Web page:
While seeking the compliance report from top global social media giants regarding implementation of the new IT norms, Union minister for Electronics and IT Ravi Shankar Prasad said that “the Government of India is committed to ensuring the Right of Privacy to all its citizens but at the same time it is also the responsibility of the government to maintain law and order and ensure national security.”
He added that none of the measures proposed by India will impact the normal functioning of WhatsApp in any manner whatsoever and for the common users, there will be no impact.
The Union ministry in a statement released later said that the Government of India has no intention to violate the privacy of individuals and asking WhatsApp to disclose the origin of a particular message will only arise in the case of “Prevention, Investigation or Punishment” of very serious offences, the government said.
This comes after Facebook-owned WhatsApp on Wednesday went to court against the new IT norms that come into effect from Wednesday. The Rules require firms like Whatsapp to “trace” the origin of particular messages sent on the service.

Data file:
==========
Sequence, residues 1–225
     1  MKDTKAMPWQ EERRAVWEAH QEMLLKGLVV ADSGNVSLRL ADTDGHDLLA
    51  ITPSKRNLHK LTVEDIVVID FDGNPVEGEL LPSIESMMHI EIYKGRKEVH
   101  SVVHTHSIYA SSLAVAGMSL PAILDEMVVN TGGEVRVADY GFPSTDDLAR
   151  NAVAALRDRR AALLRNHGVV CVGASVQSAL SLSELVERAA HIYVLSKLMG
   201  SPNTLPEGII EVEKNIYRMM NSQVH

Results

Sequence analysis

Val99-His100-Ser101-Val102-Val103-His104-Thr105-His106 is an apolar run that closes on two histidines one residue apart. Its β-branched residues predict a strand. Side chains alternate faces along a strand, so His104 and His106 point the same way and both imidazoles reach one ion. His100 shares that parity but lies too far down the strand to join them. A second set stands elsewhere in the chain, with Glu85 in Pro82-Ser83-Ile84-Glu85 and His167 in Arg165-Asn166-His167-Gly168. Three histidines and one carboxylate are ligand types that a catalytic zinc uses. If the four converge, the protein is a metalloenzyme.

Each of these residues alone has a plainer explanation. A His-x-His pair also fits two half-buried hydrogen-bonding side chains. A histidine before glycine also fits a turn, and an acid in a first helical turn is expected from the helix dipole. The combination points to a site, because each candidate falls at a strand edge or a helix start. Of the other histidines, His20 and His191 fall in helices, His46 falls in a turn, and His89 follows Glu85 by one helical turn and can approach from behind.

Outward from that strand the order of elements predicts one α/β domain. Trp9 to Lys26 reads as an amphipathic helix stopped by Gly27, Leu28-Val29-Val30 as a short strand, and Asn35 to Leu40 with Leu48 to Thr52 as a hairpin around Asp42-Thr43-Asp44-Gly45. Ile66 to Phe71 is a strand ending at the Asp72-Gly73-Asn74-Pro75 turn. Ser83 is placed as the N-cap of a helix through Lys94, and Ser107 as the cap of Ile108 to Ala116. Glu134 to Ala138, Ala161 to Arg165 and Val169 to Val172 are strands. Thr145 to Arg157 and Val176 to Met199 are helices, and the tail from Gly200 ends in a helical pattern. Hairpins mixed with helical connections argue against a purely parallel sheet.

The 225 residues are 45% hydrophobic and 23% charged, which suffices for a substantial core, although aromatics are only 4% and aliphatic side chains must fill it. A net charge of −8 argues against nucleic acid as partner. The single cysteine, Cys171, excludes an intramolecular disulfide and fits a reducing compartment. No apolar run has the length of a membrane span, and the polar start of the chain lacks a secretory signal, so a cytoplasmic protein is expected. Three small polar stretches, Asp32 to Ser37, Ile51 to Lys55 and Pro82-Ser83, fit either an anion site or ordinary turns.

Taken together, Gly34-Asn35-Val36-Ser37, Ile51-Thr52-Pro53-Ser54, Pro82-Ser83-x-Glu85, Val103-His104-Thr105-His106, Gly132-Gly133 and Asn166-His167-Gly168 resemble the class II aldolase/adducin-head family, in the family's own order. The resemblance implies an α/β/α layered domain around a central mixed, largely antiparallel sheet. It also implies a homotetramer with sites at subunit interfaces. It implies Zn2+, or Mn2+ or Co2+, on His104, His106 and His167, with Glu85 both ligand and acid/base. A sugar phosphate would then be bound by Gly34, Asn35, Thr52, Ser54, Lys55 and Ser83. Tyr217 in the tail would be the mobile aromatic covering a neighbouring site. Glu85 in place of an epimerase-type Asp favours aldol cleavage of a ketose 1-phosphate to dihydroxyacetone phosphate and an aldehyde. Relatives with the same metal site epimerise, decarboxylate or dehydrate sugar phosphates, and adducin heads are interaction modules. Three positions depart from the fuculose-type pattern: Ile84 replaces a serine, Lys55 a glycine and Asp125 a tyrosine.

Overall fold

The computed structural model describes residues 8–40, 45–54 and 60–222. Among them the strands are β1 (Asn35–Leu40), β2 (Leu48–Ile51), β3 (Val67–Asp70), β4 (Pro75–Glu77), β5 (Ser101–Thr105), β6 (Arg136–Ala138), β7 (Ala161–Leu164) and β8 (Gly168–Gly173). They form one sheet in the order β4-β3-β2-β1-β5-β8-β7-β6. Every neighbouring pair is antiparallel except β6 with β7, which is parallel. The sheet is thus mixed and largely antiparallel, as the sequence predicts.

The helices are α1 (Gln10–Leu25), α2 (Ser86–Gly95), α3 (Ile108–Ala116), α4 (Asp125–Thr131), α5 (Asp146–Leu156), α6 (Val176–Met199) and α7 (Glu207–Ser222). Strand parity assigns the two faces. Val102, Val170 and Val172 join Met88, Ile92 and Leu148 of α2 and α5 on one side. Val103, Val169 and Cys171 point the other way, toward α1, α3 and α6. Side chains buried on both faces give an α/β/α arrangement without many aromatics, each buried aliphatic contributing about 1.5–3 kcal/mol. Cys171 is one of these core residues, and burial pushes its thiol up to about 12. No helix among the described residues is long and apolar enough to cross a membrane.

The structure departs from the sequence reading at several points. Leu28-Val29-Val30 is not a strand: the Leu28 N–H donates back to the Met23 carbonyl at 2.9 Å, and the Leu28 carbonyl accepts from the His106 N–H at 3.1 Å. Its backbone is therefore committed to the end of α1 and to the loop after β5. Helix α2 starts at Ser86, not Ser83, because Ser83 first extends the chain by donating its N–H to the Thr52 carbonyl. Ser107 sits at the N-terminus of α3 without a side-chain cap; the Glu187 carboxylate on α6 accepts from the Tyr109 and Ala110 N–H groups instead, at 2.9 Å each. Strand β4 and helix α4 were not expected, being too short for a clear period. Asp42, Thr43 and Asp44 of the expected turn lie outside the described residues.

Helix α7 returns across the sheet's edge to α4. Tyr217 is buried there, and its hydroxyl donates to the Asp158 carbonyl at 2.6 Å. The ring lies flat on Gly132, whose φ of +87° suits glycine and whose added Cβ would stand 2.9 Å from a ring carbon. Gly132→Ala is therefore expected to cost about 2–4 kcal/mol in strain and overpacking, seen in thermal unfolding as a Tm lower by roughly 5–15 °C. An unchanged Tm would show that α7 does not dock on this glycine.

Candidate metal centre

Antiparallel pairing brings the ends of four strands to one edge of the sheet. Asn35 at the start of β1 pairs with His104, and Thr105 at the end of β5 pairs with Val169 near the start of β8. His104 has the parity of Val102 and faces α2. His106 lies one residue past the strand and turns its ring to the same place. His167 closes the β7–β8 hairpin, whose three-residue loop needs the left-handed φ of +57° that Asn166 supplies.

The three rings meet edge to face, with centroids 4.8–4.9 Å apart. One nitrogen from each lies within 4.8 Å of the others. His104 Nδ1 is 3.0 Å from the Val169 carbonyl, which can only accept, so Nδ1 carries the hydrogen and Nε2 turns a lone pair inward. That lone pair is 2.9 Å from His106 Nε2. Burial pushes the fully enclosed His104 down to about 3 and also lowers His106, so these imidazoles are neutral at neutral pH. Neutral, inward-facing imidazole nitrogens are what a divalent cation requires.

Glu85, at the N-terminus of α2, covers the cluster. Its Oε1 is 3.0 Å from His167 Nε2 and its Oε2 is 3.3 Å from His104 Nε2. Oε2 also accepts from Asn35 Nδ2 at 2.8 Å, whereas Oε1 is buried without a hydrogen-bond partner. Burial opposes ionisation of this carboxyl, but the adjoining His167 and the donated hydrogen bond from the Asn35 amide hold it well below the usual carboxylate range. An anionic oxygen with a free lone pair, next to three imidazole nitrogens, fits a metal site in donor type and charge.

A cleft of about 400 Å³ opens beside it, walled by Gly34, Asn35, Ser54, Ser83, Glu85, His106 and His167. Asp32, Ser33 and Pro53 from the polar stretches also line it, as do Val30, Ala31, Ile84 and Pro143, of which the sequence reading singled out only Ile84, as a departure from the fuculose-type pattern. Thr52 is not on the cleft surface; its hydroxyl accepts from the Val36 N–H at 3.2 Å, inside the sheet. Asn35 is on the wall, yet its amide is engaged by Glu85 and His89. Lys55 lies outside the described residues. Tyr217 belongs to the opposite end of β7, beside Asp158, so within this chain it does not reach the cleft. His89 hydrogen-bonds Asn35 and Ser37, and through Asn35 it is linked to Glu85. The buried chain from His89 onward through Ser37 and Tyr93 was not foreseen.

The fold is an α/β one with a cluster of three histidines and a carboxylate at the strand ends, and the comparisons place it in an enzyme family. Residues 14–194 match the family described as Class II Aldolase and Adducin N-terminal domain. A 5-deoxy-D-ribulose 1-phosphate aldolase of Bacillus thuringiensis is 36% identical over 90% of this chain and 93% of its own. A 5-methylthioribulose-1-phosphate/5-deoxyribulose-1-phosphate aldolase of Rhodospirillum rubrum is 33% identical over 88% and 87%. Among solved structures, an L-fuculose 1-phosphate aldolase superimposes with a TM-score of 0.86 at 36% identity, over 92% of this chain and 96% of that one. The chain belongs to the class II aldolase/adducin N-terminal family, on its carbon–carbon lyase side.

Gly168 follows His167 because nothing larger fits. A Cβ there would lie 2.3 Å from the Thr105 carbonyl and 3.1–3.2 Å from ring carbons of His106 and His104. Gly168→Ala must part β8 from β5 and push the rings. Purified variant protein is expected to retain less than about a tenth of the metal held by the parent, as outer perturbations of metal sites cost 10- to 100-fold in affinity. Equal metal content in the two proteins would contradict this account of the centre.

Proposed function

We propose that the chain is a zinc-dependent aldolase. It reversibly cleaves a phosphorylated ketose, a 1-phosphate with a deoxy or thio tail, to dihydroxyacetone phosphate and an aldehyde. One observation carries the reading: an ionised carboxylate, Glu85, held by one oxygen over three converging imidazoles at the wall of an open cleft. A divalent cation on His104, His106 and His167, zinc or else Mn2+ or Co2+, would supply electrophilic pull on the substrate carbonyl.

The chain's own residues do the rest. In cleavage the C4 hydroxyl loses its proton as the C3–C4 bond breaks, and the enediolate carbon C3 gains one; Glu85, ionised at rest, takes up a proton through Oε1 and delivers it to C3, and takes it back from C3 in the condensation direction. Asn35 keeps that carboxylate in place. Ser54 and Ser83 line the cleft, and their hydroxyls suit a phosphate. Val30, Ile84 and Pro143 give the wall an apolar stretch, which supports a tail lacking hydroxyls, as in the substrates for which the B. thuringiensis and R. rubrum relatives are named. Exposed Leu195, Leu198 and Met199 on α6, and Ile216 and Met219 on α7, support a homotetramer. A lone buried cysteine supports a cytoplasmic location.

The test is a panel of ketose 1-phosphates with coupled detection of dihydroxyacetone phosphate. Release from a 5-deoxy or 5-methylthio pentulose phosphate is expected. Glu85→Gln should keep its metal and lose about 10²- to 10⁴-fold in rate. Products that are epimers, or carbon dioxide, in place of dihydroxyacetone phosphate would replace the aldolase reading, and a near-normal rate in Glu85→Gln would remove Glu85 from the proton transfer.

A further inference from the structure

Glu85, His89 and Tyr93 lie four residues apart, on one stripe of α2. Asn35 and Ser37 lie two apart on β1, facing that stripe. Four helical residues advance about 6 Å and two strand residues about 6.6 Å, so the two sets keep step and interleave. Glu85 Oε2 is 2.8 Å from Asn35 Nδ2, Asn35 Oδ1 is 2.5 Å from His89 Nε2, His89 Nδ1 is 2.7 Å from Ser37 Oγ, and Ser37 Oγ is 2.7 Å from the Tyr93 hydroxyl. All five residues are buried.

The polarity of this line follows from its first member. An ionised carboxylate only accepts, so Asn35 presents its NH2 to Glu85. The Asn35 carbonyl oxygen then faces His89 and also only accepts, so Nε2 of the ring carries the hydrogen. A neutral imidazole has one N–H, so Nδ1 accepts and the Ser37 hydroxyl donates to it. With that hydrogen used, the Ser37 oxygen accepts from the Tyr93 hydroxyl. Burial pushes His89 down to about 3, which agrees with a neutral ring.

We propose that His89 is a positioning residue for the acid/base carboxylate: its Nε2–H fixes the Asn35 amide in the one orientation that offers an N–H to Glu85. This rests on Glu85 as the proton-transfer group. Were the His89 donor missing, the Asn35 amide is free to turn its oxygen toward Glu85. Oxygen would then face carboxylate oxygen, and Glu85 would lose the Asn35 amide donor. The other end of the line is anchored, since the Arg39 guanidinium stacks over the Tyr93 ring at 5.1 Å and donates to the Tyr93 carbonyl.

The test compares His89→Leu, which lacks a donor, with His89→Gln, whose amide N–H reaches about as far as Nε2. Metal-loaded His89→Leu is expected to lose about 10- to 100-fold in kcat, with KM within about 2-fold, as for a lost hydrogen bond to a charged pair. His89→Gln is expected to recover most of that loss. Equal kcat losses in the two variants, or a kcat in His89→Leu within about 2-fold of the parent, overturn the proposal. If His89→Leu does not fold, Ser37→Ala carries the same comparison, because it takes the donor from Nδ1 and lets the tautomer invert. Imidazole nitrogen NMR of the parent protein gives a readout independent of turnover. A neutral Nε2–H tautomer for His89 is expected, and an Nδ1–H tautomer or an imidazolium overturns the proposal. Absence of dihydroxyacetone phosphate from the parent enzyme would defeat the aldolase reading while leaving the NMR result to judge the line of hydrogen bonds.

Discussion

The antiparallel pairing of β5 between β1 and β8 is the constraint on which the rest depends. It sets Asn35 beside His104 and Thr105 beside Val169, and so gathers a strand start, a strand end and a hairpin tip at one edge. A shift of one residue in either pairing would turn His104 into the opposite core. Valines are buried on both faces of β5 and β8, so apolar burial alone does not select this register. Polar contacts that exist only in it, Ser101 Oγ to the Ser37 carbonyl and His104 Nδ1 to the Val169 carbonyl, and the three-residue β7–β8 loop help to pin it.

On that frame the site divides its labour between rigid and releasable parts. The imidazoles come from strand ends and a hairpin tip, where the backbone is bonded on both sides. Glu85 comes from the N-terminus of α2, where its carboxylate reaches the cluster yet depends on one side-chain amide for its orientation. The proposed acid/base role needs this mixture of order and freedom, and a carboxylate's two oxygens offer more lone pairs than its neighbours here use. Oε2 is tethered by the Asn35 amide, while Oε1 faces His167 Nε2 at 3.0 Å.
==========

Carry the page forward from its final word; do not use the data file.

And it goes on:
The case was filed in the Delhi High Court on 25 May. A spokesperson for the instant messaging service said “Requiring messaging apps to ‘trace' chats is the equivalent of asking us to keep a fingerprint of every single message sent on WhatsApp, which would break end-to-end encryption and fundamentally undermine people's right to privacy.”
“In the meantime, we will also continue to engage with the Government of India on practical solutions aimed at keeping people safe, including responding to valid legal requests for the information available to us,” the company said.
Meanwhile, non-compliance with the new IT rules would result in these platforms losing the intermediary status that provides them immunity from liabilities over any third-party data hosted by them. In other words, they could be liable for criminal action in case of complaints.
Google and Facebook on Tuesday said that they are ready to comply with the new Rules.
India has fixed five million registered users as the threshold for defining a significant social media intermediary. It has directed the appointment of a resident grievance officer, chief compliance officer and nodal contact person and to publish the details of these executives on their website, along with a physical contact address. The rules also mandate traceability of the originator of messages, along with a provision for voluntary verification as a means to establish user identity.